The hydrocarbon-rich cold seeps of the Guaymas Basin, located along a transform fault of the Sonora Margin, form a complex ecosystem showing various surface assemblages (Lonsdale, 1985; Simoneit et al., 1990; Paull et al., 2007; Vigneron et al., 2013). Microbial communities, especially those involved in AOM, occurring in sediments underlying microbial mats and the surrounding macrofauna habitats have been recently studied (Vigneron et al., 2013, 2014a). These works highlighted that ANMEs were metabolically active and AOM might represent a major microbial process at the Sonora Margin cold seeps. However, the microbial diversity and distribution in sediments underlying other dominant benthic cold seep assemblages and an overview of the microbial communities of the Sonora Margin sediments are still missing.
In this study, we investigated four cold seep sites in the Guaymas Basin, which exhibited contrasted surface assemblages (Figure 1, Table S1). Two sites (Ayala and Vasconcelos BIG13) were populated by chemosynthetic vesicomyid bivalves, one site (Juarez) was colonized by chemosynthetic siboglinid tubeworms while the fourth site (Vasconcelos BIG18) hosted a white microbial mat surrounded by a macrofaunal assemblage composed of ampharetid polychaetes and gastropods. Additionally, one site without observable seepage activity or microbial/faunal presence was analyzed as a “reference” sample.
At each site, we analyzed the diversity and distribution of microbial communities from the seawater/sediment interface down to 15 cm below the seafloor (cmbsf), using ARISA fingerprinting, 454-pyrosequencing, quantification of dominant microbial groups and microscopy, completed by porewater geochemistry. Our main objectives were (i) to characterize and compare microbial communities inhabiting these sediments, and (ii) to evaluate how biogeochemical factors shaped the microbial community structures. Doing so we tried to better understand (i) how the sedimentary microbial communities and their potential metabolisms may impact the surface colonizer distribution and therefore influence diversity patterns of chemosynthetic organisms at cold seeps and in return, (ii) how the surface chemosynthetic organisms may influence the sedimentary microbial communities.
Materials and Methods
Sampling Sites and Methods
Four cold seep sites situated at the Sonora Margin were investigated. Sediment samples were collected using push cores operated by the manned submersible Nautile during the “BIG” cruise (June 2010). Sampling sites were selected according to visual observations of the seafloor and methane plumes in the water column (H. Ondreas, pers. com.). The Ayala site, located at a water depth of 1560 m and spotted with the marker BIG14, was covered by abundant and scattered vesicomyid aggregates distributed on an estimated area of 15 by 20 meters (Figure 1, Table S1). The Vasconcelos BIG13 site, 1 km away from the Ayala site and located at a water depth of 1570 m of water depth, was colonized by vesicomyid populations surrounding a large and thin microbial mat (Figure 1, Table S1). The Juarez site, situated 160 m away from the Ayala site, was located at a water depth of 1560 m and spotted with the marker BIG12 (Figure 1, Table S1). This site was characterized by the occurrence of tubeworm bushes composed of specimens of Lamellibrachia barhami and Escarpia spp. siboglinids. Our last sampling site, the Vasconcelos BIG18 site, was located 30 meters away from the Vasconcelos BIG13 site. The Vasconcelos BIG18 site was colonized by a thick white Beggiatoa-like mat and a surrounding macrofaunal assemblage (called WM14 and EWM14 in Vigneron et al., 2013) (Figure 1, Table S1), mainly composed of Hyalogirina sp. gastropods (A. Waren and M. Portail pers. com.) and Ampharetidae (M. Rabiller pers. com.). Sediment cores were collected either from under the microbial mat or the assemblage of macrofauna. Finally, a reference site without seafloor manifestation of cold seeps was also sampled (called REF in Vigneron et al., 2013) (Table S1).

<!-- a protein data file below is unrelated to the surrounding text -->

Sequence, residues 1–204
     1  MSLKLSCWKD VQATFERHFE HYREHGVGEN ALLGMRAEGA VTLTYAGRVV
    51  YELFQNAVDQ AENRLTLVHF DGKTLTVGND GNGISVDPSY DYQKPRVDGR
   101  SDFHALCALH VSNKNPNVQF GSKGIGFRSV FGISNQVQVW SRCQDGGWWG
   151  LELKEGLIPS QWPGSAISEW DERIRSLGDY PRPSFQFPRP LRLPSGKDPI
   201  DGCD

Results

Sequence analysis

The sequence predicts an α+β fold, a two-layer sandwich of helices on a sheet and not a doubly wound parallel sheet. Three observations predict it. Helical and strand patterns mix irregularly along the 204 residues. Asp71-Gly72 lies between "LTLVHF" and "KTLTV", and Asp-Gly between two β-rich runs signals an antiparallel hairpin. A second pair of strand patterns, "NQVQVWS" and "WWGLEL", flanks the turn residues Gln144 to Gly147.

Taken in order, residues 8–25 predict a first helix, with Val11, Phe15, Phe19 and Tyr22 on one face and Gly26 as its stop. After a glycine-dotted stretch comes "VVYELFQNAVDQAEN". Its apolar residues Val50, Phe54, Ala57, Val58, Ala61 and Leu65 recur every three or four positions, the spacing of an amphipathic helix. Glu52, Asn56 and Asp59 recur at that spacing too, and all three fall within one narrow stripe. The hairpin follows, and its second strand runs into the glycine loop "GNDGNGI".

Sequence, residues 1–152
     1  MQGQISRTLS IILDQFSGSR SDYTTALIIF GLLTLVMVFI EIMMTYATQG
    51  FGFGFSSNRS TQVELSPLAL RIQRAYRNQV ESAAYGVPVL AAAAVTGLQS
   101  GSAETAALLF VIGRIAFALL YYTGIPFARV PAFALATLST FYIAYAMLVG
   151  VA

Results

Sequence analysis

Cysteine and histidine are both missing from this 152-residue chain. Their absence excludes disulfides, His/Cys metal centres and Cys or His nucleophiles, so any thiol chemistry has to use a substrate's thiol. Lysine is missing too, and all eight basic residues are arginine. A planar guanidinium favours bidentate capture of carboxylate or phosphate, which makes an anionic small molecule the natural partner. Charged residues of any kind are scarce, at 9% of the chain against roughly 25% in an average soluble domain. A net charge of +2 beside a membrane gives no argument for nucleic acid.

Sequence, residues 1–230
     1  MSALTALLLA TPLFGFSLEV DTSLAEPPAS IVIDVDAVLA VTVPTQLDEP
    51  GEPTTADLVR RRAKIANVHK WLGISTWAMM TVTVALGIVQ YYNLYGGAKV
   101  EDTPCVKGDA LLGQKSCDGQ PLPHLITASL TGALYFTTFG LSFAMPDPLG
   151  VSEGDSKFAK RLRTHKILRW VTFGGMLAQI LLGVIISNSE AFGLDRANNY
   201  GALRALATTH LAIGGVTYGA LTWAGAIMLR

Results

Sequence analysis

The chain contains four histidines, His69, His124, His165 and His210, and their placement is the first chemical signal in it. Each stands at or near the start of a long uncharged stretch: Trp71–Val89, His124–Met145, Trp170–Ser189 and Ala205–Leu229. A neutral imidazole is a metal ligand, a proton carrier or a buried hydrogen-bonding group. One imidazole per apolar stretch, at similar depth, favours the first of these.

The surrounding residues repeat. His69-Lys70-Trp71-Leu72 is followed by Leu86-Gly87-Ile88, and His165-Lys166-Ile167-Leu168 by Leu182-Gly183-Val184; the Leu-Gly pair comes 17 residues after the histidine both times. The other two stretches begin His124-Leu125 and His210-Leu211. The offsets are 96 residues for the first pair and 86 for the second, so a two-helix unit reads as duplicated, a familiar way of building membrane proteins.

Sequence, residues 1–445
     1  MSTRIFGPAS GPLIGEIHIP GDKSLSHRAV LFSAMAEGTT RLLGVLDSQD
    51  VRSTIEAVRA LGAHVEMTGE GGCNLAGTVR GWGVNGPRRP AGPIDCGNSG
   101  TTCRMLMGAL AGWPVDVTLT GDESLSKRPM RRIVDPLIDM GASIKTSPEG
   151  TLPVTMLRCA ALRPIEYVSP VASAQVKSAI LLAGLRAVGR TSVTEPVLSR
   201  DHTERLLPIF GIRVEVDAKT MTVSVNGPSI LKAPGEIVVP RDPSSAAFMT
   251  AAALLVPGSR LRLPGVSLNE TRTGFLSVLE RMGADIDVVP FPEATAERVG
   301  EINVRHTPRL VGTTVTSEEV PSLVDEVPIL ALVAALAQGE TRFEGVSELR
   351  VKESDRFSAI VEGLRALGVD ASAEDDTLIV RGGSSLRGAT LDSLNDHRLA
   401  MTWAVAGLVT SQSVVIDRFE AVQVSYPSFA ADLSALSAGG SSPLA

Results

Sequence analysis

At each location, two replicates of sediment push cores were collected for microbiological and sulfate analyses and one sediment push core for methane, sulfate and sulfide analyses (Table S1). Porewater analyses were performed as described in Vigneron et al. (2013). Briefly, porewaters were obtained by spinning down 10 cm3 of sediments per horizon for sulfate analysis and using Rhizon samplers for hydrogen sulfide and methane analysis. Sulfate concentrations were measured by ion exchange chromatography, hydrogen sulfide concentrations were determined by colorimetry and methane concentrations were quantified by using the headspace technique and gas chromatograph equipped with flame-ionization detector. Oxygen profiles were measured using an oxygen minisensor OX 100 coupled to a picoammeter (PA 2000, UNISENSE) and a micro-manipulator using a profix data acquisition software (UNISENSE).